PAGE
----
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Comments

Dave

I just finished my 12 year of teaching, and moments like those are as precious as they are rare. But they do keep you coming back.

Dammit. :P

Congrats on making through your first year. Well done. I'm going to make this blog a permanent stopping place from now on. Thanks.

Alastair

Wow,

It is wonderful to know that there are young teachers starting out who are still like you. Way to go! Next year will be even more fun and rewarding. Don't ever quit, never loose hope. If you don't... they will never forget you! And it will all be worth it.

Teachers Speak

Hi, I was looking at your site and thought you might be interested in a project I am working on. Please feel free to pass this on to anyone you think might be interested.

Currently, I am a First Grade Teacher in Bronx, NY. I am compiling the personal, candid stories of NYC Public School Teachers for use in an upcoming book that explores the accomplishments, struggles, and everyday disappointments that are synonymous with being a NYC Public School Teacher. Specifically, I am searching for the stories that only teachers would ever know how to tell. Your contributions may focus on different aspects of life as a NYC Public School Teacher. Possible topics may include:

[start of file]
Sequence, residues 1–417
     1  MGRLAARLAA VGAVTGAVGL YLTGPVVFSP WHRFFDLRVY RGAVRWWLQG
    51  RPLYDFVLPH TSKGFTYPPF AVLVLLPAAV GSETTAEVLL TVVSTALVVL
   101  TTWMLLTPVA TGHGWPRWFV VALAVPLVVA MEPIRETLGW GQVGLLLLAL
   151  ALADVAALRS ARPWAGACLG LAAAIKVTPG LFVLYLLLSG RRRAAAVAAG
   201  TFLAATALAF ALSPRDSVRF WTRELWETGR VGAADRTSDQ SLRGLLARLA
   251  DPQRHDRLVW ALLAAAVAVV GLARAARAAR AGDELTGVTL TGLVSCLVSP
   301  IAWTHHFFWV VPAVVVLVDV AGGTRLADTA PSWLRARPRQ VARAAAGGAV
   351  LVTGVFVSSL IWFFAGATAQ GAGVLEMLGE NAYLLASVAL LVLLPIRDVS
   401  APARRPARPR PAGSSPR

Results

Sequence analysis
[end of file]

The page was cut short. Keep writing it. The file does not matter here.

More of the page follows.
• Relationships with students
• Interaction with your principal, vice-principal or other administration
• Relationships with fellow teachers
• Constraints of curriculum demands
• Interaction with students’ parents and/or guardians
• School community
• Affects of teaching on your personal life
• School hierarchy


Of course, if you feel compelled to write about a topic that does not fit into one of the categories please do so.

Bottom line: Your voices are important. Your voices deserve to be acknowledged. Your voices need to be heard.